Coinsquare made two announcements on Tuesday. One is the official launch of Coinsquare Licensing to “enable domestic and international businesses to offer a digital currency trading solution powered by Coinsquare’s technology.” The company also revealed that it has already partnered with some businesses in the EU and Canada to launch white-labeled platforms.
The other announcement is its plan to enter the Japanese market using Coinsquare Licensing. The launch will be in collaboration with Dlta 21 Blockchain Corp (Dlta21), formerly Protos Blockchain Corp. According to the companies:
The new trading platform is to be launched under the Dlta21x brand name after receiving all required regulatory approvals in Japan.
Founded in 2014, Coinsquare offers the trading of BTC, BCH, ETH, LTC, DOGE, and DASH. The exchange claims to be “Canada’s most secure digital currency trading platform,” with a “95% cold storage policy on all digital currency.” The company also owns Coinsquare Mining with operations in Québec.
Dlta21 is a venture capital firm focused on blockchain startups. The company invests in “early-stage distributed ledger technology startups” and manages “a cryptocurrency trading operation backed by advanced quantitative algorithms,” its website describes.
The two companies say, “while customers in Japan will be the initial focus of the Dlta21x cryptocurrency exchange, based on applicable laws, regulations and restrictions, going forward Dlta21x plans to expand to other Asian markets as well.”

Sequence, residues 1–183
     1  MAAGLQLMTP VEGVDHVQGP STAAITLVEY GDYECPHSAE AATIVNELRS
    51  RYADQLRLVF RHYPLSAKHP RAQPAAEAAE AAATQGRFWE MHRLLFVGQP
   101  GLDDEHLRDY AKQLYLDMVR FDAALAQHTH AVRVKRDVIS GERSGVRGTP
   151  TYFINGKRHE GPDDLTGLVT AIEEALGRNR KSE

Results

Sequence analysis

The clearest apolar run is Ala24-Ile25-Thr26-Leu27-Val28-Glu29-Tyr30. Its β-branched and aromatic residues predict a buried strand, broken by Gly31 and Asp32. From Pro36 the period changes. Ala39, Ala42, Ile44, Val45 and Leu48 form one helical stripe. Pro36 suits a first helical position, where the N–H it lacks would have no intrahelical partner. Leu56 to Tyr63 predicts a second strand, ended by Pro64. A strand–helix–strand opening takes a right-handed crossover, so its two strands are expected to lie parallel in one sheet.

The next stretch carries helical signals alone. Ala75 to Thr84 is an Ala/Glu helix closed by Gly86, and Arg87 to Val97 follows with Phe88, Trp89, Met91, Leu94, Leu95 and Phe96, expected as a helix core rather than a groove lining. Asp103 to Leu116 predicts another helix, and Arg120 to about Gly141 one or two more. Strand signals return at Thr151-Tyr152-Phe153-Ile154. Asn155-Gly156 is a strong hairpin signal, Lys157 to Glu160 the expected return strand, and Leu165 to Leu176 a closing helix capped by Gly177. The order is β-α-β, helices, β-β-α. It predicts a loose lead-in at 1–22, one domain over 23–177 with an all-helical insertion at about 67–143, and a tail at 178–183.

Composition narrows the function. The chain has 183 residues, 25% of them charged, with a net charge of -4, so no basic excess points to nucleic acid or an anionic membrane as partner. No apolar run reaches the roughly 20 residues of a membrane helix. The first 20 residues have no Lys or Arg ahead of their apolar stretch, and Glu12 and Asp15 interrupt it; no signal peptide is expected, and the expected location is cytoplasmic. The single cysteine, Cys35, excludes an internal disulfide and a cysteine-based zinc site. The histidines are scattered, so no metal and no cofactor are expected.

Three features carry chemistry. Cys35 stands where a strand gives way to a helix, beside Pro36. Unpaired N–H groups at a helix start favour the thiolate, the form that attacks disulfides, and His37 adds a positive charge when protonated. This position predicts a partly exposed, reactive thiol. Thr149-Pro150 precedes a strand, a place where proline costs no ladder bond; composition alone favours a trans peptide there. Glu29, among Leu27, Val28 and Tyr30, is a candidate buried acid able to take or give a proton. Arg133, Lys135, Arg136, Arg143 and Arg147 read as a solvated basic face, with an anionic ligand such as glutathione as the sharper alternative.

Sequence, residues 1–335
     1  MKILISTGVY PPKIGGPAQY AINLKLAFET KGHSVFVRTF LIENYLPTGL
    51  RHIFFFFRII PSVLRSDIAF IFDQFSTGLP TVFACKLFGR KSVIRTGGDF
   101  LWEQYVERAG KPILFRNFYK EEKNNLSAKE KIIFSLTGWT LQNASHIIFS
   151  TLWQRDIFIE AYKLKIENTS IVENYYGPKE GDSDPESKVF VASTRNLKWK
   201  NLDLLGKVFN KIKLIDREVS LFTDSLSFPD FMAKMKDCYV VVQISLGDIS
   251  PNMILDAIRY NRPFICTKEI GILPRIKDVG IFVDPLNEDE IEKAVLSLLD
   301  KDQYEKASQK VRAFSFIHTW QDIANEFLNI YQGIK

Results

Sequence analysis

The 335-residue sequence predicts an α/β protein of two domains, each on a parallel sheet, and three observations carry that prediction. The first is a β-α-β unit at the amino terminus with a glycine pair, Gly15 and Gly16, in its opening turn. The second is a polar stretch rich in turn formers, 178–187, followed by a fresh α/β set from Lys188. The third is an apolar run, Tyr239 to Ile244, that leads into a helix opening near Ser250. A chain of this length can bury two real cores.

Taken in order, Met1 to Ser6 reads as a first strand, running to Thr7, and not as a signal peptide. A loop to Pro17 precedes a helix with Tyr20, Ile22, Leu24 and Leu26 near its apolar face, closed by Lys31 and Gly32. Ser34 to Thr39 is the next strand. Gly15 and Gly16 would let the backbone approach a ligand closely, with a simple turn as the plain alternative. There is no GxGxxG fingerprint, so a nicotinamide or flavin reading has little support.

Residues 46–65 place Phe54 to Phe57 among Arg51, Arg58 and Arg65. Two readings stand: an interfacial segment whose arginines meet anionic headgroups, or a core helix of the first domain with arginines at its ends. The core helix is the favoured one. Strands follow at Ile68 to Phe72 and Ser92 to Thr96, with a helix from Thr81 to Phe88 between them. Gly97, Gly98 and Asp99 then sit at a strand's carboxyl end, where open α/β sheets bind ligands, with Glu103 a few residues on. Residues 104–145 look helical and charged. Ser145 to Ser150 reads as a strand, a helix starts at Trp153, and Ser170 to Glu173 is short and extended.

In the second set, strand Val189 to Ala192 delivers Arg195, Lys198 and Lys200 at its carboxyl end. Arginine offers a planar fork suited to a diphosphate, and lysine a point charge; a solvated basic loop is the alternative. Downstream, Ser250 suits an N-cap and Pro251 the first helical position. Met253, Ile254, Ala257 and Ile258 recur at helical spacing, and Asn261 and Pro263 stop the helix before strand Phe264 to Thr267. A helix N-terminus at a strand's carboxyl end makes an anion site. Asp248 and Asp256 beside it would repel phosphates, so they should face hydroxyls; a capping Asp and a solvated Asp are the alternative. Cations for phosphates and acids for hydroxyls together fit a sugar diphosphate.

Earlier this year, Coinsquare unveiled its plan for an initial public offering in September “to help finance an overseas expansion.” For its expansion into the U.S. and the U.K., CEO Cole Diamond was quoted by the Financial Post saying:
We believe that we will be a strong competitor to Coinbase and other exchanges in the U.S. by the end of the year.
The Japanese Crypto Market
Currently, Japan has 16 government-approved cryptocurrency exchanges and a number of “deemed dealers” that have been allowed to operate crypto platforms while their applications are being reviewed by the country’s top financial regulator, the Financial Services Agency (FSA).
However, since the hack of Coincheck in January, the FSA has drastically tightenedits oversight of the industry. It has already sanctioned a number of deemed dealers and recently ordered six licensed exchanges to improve their businesses, including the country’s largest crypto exchange by volume, Bitflyer.
Despite the increased oversight and stricter exchange approval process, the FSA confirmed to news.Bitcoin.com:
More than 100 [crypto] operators have expressed their intention of enter the market.
Among major companies seeking to enter the Japanese market is Line Corp, the operator of the country’s most popular chat app, Line. The company recently announced that it is launching a crypto exchange, Bitbox. However, since its application with the FSA is still pending, Line will not offer services in Japan initially.